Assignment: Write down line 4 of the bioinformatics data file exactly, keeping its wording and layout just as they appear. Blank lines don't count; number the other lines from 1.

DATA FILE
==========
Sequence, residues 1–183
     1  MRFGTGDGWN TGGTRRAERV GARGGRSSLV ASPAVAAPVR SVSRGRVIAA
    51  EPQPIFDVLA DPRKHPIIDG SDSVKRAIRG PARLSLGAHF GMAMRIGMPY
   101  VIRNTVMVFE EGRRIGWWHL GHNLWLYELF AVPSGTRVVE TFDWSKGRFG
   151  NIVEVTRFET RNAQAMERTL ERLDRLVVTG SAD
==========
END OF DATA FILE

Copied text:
   101  VIRNTVMVFE EGRRIGWWHL GHNLWLYELF AVPSGTRVVE TFDWSKGRFG